- China has been reducing its holdings of US bonds. This could be due to a combination of economic as well as geopolitical factors.
- Further, there are risks that Japanese holders of US treasury bonds (large holders) may unwind as bond yields in Japan increase making the US investment less attractive.
- Many economists are of the view that Japan’s Central Bank may be forced to abandon its yield curve control and allow yields to move up as macro economic/inflationary pressures mount
Why are equity markets selling off?
- Higher risk free yields make risk assets less attractive.
- During covid-19 (CY20) when interest rates were so low and equities saw a bull run, as there were no alternative to equities. Now bonds are emerging as compelling alternatives to equities.
Possibilities of cooling of the US t-bond yields:
- Volatility in bond yields may lead to a credit event causing an abrupt slowdown in economy which will trigger rate cuts/QE by the US Fed.
- Another plausible path for cooling of yields is that the current levels of interest rates will slow down the economy enough or result in a mild recession next year, resulting in cooling of inflation. This will consequently result in cooling of bond yields as well.
- There is also a risk of stagflation where economy could be in recession, but inflation remains high like it happened in the 1970s in countries like US and UK.
In News: Claudia Goldin wins Nobel economics prize for work on gender gap n the 2023 Nobel economics prize for her work on labour market inequalities based on gender.
- Claudia Goldin has been awarded the prize for exposing the causes of deeply rooted wage and labour market inequality between men and women.
- Her work provided the first comprehensive account of women’s earnings and labour market
- Her research reveals the causes of change, as well as the main sources of the remaining gender gap
- Her research reveals the causes of change, as well as the main sources of the remaining gender gap.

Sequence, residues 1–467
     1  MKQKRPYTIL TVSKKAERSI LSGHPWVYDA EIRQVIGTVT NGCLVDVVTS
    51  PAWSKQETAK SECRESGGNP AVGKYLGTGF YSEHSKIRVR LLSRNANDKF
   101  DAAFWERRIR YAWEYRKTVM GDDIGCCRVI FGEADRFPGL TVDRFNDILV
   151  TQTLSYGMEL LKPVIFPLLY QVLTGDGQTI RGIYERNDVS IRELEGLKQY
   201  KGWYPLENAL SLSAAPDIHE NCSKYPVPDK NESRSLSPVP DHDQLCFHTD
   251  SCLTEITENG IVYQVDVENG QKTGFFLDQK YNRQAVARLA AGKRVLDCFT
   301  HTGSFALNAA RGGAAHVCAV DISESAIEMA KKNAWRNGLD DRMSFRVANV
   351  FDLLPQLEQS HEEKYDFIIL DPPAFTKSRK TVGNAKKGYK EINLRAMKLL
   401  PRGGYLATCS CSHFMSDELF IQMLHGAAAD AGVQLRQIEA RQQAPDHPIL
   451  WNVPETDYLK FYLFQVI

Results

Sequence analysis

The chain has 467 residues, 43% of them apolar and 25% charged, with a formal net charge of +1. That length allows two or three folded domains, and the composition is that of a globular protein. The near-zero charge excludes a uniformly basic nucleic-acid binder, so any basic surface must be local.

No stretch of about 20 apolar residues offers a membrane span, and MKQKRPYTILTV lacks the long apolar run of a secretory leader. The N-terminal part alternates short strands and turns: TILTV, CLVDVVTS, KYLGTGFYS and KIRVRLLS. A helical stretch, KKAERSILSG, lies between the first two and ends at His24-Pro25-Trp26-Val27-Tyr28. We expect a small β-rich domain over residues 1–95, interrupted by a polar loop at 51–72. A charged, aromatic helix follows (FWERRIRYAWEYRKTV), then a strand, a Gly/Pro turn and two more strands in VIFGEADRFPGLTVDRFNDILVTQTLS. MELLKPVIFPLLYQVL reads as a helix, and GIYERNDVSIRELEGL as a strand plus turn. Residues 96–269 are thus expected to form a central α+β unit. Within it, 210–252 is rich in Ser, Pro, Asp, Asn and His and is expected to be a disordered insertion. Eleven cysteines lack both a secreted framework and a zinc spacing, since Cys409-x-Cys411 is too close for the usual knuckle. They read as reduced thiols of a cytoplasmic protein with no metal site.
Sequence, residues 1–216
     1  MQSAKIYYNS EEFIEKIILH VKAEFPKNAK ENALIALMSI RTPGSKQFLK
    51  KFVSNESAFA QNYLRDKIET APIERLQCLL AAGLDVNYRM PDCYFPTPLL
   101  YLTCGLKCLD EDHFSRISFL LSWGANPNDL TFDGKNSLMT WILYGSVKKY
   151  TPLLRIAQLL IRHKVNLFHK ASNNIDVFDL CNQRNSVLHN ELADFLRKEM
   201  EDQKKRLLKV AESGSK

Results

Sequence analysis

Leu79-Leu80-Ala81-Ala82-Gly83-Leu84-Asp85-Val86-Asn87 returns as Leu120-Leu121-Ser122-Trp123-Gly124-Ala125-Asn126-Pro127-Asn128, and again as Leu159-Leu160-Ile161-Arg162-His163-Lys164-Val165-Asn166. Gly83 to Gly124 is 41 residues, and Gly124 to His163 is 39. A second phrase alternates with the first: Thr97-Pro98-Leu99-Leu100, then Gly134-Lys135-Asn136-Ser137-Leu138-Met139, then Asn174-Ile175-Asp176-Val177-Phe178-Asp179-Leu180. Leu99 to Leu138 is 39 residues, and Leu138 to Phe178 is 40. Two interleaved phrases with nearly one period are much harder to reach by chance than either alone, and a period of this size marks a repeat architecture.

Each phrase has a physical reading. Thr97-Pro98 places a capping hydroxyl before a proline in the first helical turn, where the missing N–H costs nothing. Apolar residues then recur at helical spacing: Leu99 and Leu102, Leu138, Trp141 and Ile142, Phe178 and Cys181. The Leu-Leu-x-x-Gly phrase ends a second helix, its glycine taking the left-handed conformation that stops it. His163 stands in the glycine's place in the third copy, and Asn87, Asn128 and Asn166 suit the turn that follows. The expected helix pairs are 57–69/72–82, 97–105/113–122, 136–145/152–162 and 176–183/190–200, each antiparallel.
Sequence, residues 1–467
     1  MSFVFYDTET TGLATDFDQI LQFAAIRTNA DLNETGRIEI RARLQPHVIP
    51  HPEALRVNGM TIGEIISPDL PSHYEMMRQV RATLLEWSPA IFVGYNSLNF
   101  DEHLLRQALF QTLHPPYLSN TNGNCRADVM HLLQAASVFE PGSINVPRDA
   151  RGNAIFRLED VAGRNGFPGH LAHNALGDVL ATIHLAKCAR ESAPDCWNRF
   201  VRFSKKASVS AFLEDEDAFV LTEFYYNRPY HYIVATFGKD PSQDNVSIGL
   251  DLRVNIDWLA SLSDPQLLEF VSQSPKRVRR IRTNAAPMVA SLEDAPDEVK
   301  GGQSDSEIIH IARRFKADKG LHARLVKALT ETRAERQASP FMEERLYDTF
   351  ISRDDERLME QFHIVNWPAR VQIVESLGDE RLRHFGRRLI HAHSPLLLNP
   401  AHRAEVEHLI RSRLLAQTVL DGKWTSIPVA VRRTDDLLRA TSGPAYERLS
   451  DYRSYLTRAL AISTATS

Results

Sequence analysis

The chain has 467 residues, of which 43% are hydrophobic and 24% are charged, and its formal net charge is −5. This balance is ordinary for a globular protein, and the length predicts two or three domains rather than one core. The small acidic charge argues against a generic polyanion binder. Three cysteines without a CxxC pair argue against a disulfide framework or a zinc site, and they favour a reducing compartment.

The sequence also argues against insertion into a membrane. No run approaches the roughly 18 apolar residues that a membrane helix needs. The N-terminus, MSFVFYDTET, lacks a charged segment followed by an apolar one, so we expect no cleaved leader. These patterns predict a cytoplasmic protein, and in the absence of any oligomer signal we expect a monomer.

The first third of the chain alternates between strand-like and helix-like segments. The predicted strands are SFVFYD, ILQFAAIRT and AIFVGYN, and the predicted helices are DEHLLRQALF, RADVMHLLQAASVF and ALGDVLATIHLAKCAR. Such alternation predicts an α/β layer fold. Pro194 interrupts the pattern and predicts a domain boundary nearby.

- There are still large differences between women and men in terms of what they do, how they’re remunerated and so on. Her work tries to answer why it is so.
- Her research found that married women started to work less after the arrival of industrialisation in the 1800s, but their employment picked up again in the 1900s as the service economy grew.
- Higher educational levels for women and the contraceptive pill accelerated change, but the gender pay gap remained.
- While historically that earnings difference between men and women could be blamed on educational choices made at a young age and career choices, Prof Goldin found that the current earnings gap was now largely due to the impact of having children.
- Prof Goldin was the first woman to receive tenure in Harvard’s economics department in 1989. Economics still had an image problem with women, she told the BBC in 2018.
- Even before students enter university, they believe economics is a field more oriented to finance and management and women are less interested in those than are men. If we explained economics was about “inequality, health, household behaviour, society, then there’d be a much greater balance,” she said.
- The economics prize is different to the original prizes in physics, chemistry, physiology or medicine, literature and peace, which were established by Alfred Nobel and first awarded in 1901.
- The Sveriges Riksbank Prize in Economic Sciences was established in 1968 and funded by Sweden’s central bank.
- Elinor Ostrom was the first woman to win the economics prize in 2009, which she was awarded jointly with Oliver E Williamson for research on economic governance.
- In 2019 Esther Duflo shared the award with her husband Abhijit Banerjee, and Michael Kremer, for work that focused on poor communities in India and Kenya.
Reasons for pay gap:
- She has attributed the gap to factors ranging from outright discrimination
- Further she has attributed it to phenomena such as “greedy work“, a term she coined for jobs that pay disproportionately more per hour when someone works longer or has less control over those hours, effectively penalising women who need to seek flexible hours.
- Only two women have previously landed the economics prize: Elinor Ostrom in 2009 and Esther Duflo.
- Goldin, is only the third woman to win the Nobel economics priz and the first to win it by herself rather than sharing it.
- India’s FLFPR is one of the lowest in the world and the lowest among the G20 countries at 19.23% .
- India’s FLFPR is one of the lowest in the world and the lowest in the G20 countries at 19.23% as per the World Economic Forum’s Global Gender Gap Report 2022. In contrast, the average FLFPR for the G20 cohort lies at 49.78%.
- India’s low FLFPR is unprecedented, considering many usual and unusual factors that keep women from the organised-formal workforce, despite knowing the fact, based on recent NFHS data, that a ‘high fertility ratio’ and ‘low education rates’, are no longer a cause for concern or a deterrent for women’s ability to be part of the organised workforce. The country has seen a reduction in fertility from0 to 2.5 children per woman as per recent data.